J P Suzor's account of this eventful evening is related to conversation with his son. 

Wing commander Don Smith led the squadron of 20 crews. Our crew of Halifax DK 201 was the most experienced having flown on more than 17 successful and eventful missions. It was a moonless evening as the Halifax's four Merlin engines roared and disturbed the stillness of the night. Pilot officer Thorp pulled back on the control stick and we took off, direction Kassel. The time was 18.08. I went about my navigator’s task thinking that it would be another long night. I had my Mercator’s chart laid out with the ground plot and air plot on it. With that information, I could plot the route and direction quite accurately. 

When we reached the target area, we noticed that the town and surrounding areas were pounded by heavy bombs which caused considerable damage. The German night fighters came out in force that evening and we had to take some evasive action. Both the upper and rear gunners saw a lot of action. 

During the diversion with the night fighters, we flew past Kassel. We turned and came back towards the target. Out of nowhere appeared a German fighter (refer to note 1) no one saw him as he fired his tracer bullets which sheared through the fuselage, killing the mid-upper gunner J.Zuidmulder and hitting the starboard wing. The Halifax DK 201 became a ball of fire. My oxygen had been cut off. The pilot, Arthur Thorp, tried in vain to control the plane's downward plunge. We were now in an uncontrollable spiral dive and we had to scramble out of the doomed plane as quickly as possible. Gasping for air, I frantically opened the hatch next to the navigator table and threw myself out of the plane praying that I was not going to be hit by debris or another plane. The last one out was W. Wanless, (RCAF) the rear gunner. Why the pilot Arthur Thorp did not bail out as he went down with the plane remains a mystery. “Wilkie” Wanless later reported that he spoke to him just before bailing out of the plane and he seemed ok. 

The freezing air jolted me back to face the situation. I counted to 3 and prayed that my parachute would open as I pulled hard on the releasing strap. I felt a jolt and was whisked upwards, stabilized as the chute fully deployed and slowly parachuted towards the ground whilst thanking the good Lord. In the distance, I could see the fire burning and the roaring of the bomber’s engines in the distance. Slowly I descended to the ground. It was a dark moonless night and could not judge how high I was until I crashed into a tall pine tree and slid unhurt down the branches. The top of my chute cupped the tree top as I came to a sudden halt. Not being able to judge how high up the tree I was, I decided to wait until dawn. At first rays of sunlight, I looked down and to my surprise noticed that I was only a couple of meters from the ground. With my RAF-issued knife, I cut the straps and decided to find a hiding place. I lay low during the day and walked at night. Unfortunately, because of low visibility, I could not walk fast. I hid again the following day and whilst in a deep sleep, I was abruptly awoken by two German soldiers screaming at me with their guns pointing directly at my chest. I was marched to the nearest German camp. The Gestapo questioned me “Remember to tell them nothing, but your name, rank, and number”. After establishing that I was an RAF officer they locked me up in the city’s jail. A few days later I was taken by train for further interrogation at the Dulag Luft located near Frankfurt. It was the Luftwaffe interrogation center where all captured airmen were sent after capture for interrogation. I just gave them my name, rank, and number and divulged nothing else. Frustrated, they threw me into solitary confinement. A few days later, I was sent with a group to Poland as a P.O.W and incarcerated in Stalag Luft 3. I arrived there on the 17 of October 1943.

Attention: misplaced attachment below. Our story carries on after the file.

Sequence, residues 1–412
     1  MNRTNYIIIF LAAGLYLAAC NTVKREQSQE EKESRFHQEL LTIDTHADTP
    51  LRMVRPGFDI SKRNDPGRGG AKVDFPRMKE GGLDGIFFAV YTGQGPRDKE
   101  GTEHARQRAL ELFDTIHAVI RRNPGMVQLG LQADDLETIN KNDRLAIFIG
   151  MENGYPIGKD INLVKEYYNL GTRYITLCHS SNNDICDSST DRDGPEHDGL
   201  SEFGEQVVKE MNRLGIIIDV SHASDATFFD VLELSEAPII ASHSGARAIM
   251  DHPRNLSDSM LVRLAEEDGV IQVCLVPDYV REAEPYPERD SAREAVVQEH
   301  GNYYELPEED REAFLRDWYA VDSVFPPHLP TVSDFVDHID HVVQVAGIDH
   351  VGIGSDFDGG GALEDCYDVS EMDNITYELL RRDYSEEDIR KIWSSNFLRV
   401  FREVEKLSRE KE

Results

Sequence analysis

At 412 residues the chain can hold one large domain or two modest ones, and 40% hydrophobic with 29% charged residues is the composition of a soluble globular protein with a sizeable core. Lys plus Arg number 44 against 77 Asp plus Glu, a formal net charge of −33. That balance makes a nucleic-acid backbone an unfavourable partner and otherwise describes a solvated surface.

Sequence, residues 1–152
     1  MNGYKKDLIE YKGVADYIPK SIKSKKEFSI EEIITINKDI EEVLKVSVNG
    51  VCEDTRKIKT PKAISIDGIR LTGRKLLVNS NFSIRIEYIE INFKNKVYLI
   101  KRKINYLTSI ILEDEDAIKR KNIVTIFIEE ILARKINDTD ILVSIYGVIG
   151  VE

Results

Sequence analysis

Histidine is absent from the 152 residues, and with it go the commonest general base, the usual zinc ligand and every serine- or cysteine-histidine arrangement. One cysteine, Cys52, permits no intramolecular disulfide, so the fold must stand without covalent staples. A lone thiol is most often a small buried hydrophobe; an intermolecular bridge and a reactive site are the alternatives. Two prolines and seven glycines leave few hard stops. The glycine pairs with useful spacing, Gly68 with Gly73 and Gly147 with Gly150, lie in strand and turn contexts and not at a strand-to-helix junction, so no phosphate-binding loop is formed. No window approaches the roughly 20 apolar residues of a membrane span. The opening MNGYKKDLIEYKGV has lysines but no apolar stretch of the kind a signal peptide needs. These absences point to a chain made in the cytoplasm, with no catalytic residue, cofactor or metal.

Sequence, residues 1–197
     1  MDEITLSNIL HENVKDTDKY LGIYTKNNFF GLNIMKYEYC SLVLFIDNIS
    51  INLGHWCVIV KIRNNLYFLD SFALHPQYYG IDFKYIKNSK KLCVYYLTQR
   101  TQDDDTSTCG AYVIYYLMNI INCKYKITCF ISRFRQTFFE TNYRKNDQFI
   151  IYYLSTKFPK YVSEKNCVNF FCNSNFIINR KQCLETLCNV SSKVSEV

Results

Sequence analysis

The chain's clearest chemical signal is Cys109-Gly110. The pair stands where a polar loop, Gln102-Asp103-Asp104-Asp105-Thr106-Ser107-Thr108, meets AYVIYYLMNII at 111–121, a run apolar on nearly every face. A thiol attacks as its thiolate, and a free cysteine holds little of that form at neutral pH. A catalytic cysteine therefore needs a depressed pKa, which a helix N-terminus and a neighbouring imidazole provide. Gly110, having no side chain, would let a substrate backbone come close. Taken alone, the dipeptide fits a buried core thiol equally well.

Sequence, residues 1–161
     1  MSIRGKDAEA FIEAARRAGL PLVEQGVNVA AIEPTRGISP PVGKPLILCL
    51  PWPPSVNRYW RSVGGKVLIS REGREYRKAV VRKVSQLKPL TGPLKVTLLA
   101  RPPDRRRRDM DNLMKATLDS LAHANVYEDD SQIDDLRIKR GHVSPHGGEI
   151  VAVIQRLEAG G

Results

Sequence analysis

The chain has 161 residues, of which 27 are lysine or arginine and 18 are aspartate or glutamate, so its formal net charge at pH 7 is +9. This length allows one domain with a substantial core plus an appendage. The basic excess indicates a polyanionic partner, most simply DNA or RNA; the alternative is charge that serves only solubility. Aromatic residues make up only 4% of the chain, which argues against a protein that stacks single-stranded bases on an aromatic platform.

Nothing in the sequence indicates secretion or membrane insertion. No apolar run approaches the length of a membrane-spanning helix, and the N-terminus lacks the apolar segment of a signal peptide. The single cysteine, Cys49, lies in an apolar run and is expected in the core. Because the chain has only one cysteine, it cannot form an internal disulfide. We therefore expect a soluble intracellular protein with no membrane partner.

Allied aircrew shot down during World War II were incarcerated after interrogation in Air Force Prisoner of War camps run by the Luftwaffe, called Stalag Luft, short for Stammlager Luft or Permanent Camps for Airmen. Stalag Luft III was situated in Sagan, 100 miles south-east of Berlin, now called Zagan, in 

Upper Silesia, Poland 

(The camp was made famous internationally by the book and film “The Great Escape” 

Note 1 (Reference) 

Luftwaffe claim. Ref “Nachtgagd war dairies” Vol 1 by Theo Boiten. 

“Kill claim of DK201 Sq76 Halifax by Hptm Hans Baer 4/NJGB Halifax Northwest of Kassel at 4,5000m at 22:06 3rd of October 1943.” 

DK 201 crashed near Lenstrup close to Detmold. Both the pilot Arthur Thorp and upper turret gunner J. Zuidmulder are buried in the Hannover War Cemetery. Thorp plot 12.H.3, Zuidmulder plot 12.H.2 

Four Halifaxes were lost that evening, DK247, LK904, DK203, and DK201, the worst Squadron 76 casualty in a single operation. A total of 16 crew members of Squadron 76 died in this operation.